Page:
Re: Newton's method.

• To: mathgroup at smc.vnet.net
• Subject: [mg5237] Re: Newton's method.
• From: danl (Daniel Lichtblau)
• Date: Fri, 15 Nov 1996 03:33:52 -0500
• Organization: Wolfram Research, Inc.
• Sender: owner-wri-mathgroup at wolfram.com

```In article <5619te\$2c7 at dragonfly.wolfram.com> Gandalf <Gandalf at Empire.Net>
writes:
> Can someone provide a little help on this problem?:
>
> Suppose I wanted to write a sequence to perform the Newton inversion of
> a polynomial which inverts a series 1 + a(1)x + a(2)x^2+... through a
> particular degree.  The sequence would look like the following:
>
> (* Newton's inversion of a polynomial *)
> guess = 1;
>
> precision = 1;
>
> While[precision < degree,
>       precision *=2;
>       If[precision > degree, precision = degree];
>       temp = iterate[poly, precision - 1];
>       guess = guess + guess*(1 - temp*guess);  (*The Newton iteration*)
>       guess = iterate[guess, precision -1];
> ];
>
> (* Now guess is 1 / poly through degree of 'degree' *)
>
> ----------------
> iterate would be a function, iterate[f, n] that returns a polynomial f
> taken through degree n.  This sequence effectively doubles the precision
> each pass through it.  I'm a little stumped on how to implement the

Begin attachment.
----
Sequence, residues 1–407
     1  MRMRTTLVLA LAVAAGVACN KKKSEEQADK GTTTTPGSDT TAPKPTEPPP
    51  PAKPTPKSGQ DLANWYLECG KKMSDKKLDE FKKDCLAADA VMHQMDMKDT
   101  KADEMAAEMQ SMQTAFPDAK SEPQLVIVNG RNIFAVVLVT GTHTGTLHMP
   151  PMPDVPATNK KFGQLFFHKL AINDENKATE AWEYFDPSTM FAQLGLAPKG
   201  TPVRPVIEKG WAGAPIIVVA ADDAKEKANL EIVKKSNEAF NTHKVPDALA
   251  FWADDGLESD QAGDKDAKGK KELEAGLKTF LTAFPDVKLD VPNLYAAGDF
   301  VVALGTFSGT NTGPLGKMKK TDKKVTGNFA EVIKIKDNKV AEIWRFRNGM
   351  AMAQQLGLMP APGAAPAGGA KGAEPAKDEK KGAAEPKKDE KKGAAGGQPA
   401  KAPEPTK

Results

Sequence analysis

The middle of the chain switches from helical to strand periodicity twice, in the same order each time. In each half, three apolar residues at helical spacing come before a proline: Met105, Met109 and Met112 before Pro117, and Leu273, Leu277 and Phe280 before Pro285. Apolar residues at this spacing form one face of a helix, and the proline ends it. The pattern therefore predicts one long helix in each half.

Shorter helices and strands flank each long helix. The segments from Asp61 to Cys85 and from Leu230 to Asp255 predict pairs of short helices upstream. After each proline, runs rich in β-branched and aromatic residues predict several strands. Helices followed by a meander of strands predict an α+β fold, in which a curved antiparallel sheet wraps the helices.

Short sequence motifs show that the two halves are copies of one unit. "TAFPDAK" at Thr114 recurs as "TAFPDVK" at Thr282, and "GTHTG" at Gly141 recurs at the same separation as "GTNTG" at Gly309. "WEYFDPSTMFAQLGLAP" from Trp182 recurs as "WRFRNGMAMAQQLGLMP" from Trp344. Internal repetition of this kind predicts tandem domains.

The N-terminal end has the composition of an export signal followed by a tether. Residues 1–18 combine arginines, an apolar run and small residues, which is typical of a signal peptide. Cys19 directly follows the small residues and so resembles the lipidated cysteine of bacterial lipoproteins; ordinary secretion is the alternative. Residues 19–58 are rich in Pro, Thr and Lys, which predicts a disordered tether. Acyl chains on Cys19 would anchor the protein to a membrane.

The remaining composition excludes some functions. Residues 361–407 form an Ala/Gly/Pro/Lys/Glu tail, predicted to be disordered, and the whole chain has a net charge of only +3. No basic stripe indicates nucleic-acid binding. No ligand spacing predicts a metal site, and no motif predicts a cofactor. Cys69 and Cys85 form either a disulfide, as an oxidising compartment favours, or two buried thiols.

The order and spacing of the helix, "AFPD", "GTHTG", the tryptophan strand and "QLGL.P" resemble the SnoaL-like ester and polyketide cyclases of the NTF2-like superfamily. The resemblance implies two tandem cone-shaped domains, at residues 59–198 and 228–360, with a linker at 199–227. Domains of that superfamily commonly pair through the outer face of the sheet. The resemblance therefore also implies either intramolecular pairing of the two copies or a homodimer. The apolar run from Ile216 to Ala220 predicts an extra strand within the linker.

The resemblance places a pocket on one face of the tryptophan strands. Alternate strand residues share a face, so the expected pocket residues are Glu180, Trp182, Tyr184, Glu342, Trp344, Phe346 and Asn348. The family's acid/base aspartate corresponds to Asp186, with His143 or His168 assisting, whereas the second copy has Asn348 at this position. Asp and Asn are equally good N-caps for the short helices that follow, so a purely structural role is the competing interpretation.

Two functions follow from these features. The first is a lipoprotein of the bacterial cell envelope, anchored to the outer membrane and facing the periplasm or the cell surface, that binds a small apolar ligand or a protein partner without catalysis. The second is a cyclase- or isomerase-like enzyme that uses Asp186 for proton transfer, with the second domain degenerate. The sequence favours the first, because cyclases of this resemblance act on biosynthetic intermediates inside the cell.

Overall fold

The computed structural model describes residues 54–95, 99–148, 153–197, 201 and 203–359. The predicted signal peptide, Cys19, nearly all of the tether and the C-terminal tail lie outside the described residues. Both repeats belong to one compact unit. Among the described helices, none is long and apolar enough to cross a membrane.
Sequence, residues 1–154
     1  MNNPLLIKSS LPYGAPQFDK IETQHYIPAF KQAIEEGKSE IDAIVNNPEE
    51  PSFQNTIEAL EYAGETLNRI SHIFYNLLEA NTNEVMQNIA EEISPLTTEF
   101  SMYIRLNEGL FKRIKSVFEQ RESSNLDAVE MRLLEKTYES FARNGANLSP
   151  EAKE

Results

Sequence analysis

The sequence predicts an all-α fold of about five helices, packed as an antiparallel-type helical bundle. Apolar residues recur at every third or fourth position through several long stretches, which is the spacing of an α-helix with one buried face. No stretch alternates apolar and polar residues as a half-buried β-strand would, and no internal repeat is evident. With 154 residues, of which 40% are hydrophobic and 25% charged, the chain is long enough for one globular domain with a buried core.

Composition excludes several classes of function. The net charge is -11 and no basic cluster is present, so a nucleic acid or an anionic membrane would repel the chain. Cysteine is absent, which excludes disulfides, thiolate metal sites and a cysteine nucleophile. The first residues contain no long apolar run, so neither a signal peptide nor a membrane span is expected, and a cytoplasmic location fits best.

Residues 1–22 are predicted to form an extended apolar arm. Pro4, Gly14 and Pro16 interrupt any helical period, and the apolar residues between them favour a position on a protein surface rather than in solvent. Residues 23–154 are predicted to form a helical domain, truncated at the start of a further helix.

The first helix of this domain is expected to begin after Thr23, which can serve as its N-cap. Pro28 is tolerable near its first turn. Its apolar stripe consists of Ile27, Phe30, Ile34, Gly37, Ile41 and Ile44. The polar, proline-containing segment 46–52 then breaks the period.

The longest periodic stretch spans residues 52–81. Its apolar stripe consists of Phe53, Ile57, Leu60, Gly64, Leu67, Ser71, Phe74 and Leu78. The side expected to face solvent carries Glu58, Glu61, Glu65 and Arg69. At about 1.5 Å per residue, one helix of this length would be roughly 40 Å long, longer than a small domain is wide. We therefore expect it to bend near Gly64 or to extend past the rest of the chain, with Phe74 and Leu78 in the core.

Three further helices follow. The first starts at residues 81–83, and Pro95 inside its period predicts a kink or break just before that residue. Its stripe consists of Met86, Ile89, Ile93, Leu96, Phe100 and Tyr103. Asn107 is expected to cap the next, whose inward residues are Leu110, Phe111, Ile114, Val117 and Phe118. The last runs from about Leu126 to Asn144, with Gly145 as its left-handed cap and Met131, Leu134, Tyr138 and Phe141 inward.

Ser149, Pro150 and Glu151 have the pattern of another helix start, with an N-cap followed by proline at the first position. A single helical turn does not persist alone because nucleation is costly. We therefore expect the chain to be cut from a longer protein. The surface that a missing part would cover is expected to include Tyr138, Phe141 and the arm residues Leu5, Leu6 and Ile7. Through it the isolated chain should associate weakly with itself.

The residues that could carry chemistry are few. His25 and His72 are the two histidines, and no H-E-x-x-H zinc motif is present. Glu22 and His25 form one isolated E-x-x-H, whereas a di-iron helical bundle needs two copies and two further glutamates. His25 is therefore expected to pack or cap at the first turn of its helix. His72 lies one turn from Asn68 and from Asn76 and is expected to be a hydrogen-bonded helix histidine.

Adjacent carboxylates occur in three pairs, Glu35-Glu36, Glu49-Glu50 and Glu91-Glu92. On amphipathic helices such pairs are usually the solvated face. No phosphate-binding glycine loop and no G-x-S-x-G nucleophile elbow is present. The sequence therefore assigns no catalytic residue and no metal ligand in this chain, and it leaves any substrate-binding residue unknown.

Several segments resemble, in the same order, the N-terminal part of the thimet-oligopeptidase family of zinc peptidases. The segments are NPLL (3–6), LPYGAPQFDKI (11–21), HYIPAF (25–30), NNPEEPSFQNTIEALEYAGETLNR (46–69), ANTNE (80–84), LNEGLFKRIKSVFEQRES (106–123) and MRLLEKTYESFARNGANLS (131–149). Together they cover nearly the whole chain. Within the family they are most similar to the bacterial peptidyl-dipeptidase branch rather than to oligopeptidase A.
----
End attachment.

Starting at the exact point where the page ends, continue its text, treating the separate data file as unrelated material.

> iterate funtion.  Any help greatly appreciated.  Thanks.
>

This is along the lines of what you seek. You'll need to make some
adjustments for notational differences. I also did not isolate the
'iterate' as a separate routine, and furthermore in effect assumed the
degree we want is a power of two.

seriesInvert[poly_, degree_Integer, x_] := Module[
vars},
vars][];

example:

In:= poly = 1 + 2*x;

In:= seriesInvert[poly, 16, x]

2      3       4       5       6        7        8
Out= 1 - 2 x + 4 x  - 8 x  + 16 x  - 32 x  + 64 x  - 128 x  + 256 x
-

9         10         11         12         13          14
>    512 x  + 1024 x   - 2048 x   + 4096 x   - 8192 x   + 16384 x   -

15
>    32768 x

I am certain that one can write code that is cleaner and more efficient.
But basically I'd expect the time to roughly a-bit-worse-than-double for
each doubling of degree. This is because the expansion, coefficient list
extraction, and solving each deal with roughly twice as many terms, and
the complexity of these gets a bit worse in each iteration. Below are
timings for version 3.0, on a Pentium Pro 200.

In:= Table[Timing[seriesInvert[poly,2^j, x];], {j,1,8}]

Out= {{0.01 Second, Null}, {0.03 Second, Null}, {0.05 Second, Null},

>    {0.12 Second, Null}, {0.25 Second, Null}, {0.53 Second, Null},

>    {1.19 Second, Null}, {2.89 Second, Null}}

Daniel Lichtblau
Wolfram Research, Inc.
danl at wolfram.com

```

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